Pole Barn Kits and Pole Buildings - Hansen Pole Buildings
    "Those were the days my friend, we thought they'd never end ..."

  4. #4
    New Member
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    Apr 2010
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    8
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    North AL
    Tractor
    Kubota

    Default Re: Trying to build a small barn. Feed back is more than welcome.

    I have 4 lowes and three home depots within 30 minutes of my house and the 4x6 only go to 12". They can order them but it will be a week to three weeks. The 4 lumber companies near here are helpful but expensive. It is cheaper to make them then to buy from the lumber yards. There used to be small sawmills where you could buy "raw" lumber but the economy killed them. THanks for the tip on the center pole. I always over build for some reason.
    Last edited by RJohnsonEOD; 02-20-2013 at 10:22 PM. Reason: spelling error

  5. #5
    New Member
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    Apr 2010
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    8
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    North AL
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    Kubota

    Default Re: Trying to build a small barn. Feed back is more than welcome.

    Dave: The bottom boards are to frame the fill. I considered rail road ties. I looked at leveling the area but I thought the mound would have to be pretty good size. I like the concerte disk in the bottom and will work that in. Not sure where to get the trusses locally but I will check. Thanks

  6. #6
    Gold Member
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    Jan 2012
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    327
    Location
    Southern Oregon
    Tractor
    Kioti DK45SE Hst

    Default

    If you put a bag of dry concrete on the bottom, you will accomplish the same as a concrete disk but it conforms to the bottom better. The poles eventually rot near the surface, not that deep anyway.

    Did you try looking at 6x6's?
    Kioti DK45SE HST w/ backhoe, forks, PHD, box blade, chipper. Living off-grid, Listeroid 6/1 backup, masonry stove, thermal mass H2O storage
    "Those who would give up Essential Liberty to purchase a little Temp Safety, deserve neither Liberty nor Safety." Ben Franklin, 1775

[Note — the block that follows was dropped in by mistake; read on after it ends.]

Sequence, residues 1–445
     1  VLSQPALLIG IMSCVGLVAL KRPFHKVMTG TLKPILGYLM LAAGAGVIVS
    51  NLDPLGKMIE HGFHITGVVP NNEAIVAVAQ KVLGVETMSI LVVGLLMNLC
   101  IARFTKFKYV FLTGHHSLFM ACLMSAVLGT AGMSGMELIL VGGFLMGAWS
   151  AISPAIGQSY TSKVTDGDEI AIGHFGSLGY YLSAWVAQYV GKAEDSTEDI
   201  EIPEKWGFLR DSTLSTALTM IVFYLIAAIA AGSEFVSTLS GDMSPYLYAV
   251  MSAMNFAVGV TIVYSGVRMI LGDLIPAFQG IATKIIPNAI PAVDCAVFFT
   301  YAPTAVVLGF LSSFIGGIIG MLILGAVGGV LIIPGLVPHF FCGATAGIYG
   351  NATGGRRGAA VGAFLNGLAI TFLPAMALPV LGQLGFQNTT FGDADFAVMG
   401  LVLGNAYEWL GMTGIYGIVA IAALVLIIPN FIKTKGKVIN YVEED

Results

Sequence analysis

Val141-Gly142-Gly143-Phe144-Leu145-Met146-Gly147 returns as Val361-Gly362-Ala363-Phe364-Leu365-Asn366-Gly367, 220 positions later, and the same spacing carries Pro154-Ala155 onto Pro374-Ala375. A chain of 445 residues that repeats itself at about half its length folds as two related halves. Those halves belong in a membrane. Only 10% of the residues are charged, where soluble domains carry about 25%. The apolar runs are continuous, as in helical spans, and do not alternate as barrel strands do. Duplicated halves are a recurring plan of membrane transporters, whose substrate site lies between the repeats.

"The 2nd Amendment is the RESET button of the US Constitution"

  7. #7
    Platinum Member
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    Dec 2006
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    585
    Location
    Coastal Rhode Island
    Tractor
    Jinma 354, purchased 2007

    Default Re: Trying to build a small barn. Feed back is more than welcome.

    I think you'll come out way ahead to buy a kit with all the pieces and engineered plans. With a building that size there are non-trivial engineering issues to make something where you'll be reasonably certain that it will withstand wind and snow loads. If you live someplace that requires permits or inspections you're going to need an engineer's stamp on your plans anyway. My impression is that the kits end up being very price-competitive with buying the lumber one stick at a time from a lumber yard.

    There are probably thousands of companies offering pole barn kits, from big box stores to specialty retailers. Google is your friend.

    Once you have all the pieces and plans building it seems like a doable project.

  8. #8
    Gold Member
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    Jan 2012
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    327
    Location
    Southern Oregon
    Tractor
    Kioti DK45SE Hst

    Default Re: Trying to build a small barn. Feed back is more than welcome.

    Respectfully, I disagree with quicksandfarmer. If you follow some decent plans, you don't need to buy a kit. Much of the engineering can just be looked up on load tables (online, books, or lumber yard). As long as you're using regular framing, or pole construction on accepted intervals (8', 10', 12'), hurricane ties on the roof, etc., it should be fine. I don't know where you live, but in many rural areas you don't need a permit for a barn, especially for agriculture.